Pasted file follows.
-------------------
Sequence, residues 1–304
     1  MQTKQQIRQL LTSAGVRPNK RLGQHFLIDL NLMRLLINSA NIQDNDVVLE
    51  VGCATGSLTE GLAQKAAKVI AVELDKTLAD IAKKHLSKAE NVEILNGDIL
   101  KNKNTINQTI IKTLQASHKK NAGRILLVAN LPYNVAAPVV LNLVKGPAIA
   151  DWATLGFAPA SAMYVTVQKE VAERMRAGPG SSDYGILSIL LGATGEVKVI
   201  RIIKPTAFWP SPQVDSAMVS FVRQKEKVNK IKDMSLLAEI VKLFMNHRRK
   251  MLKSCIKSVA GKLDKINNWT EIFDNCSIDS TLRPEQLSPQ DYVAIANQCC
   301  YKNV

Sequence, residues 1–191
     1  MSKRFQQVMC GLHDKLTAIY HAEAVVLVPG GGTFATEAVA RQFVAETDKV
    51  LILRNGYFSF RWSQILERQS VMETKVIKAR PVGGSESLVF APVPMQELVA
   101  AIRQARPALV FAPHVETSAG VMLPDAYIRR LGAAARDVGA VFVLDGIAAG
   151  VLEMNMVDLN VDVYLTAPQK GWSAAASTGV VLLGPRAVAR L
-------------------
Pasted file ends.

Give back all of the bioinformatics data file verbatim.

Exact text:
Sequence, residues 1–304
     1  MQTKQQIRQL LTSAGVRPNK RLGQHFLIDL NLMRLLINSA NIQDNDVVLE
    51  VGCATGSLTE GLAQKAAKVI AVELDKTLAD IAKKHLSKAE NVEILNGDIL
   101  KNKNTINQTI IKTLQASHKK NAGRILLVAN LPYNVAAPVV LNLVKGPAIA
   151  DWATLGFAPA SAMYVTVQKE VAERMRAGPG SSDYGILSIL LGATGEVKVI
   201  RIIKPTAFWP SPQVDSAMVS FVRQKEKVNK IKDMSLLAEI VKLFMNHRRK
   251  MLKSCIKSVA GKLDKINNWT EIFDNCSIDS TLRPEQLSPQ DYVAIANQCC
   301  YKNV

Sequence, residues 1–191
     1  MSKRFQQVMC GLHDKLTAIY HAEAVVLVPG GGTFATEAVA RQFVAETDKV
    51  LILRNGYFSF RWSQILERQS VMETKVIKAR PVGGSESLVF APVPMQELVA
   101  AIRQARPALV FAPHVETSAG VMLPDAYIRR LGAAARDVGA VFVLDGIAAG
   151  VLEMNMVDLN VDVYLTAPQK GWSAAASTGV VLLGPRAVAR L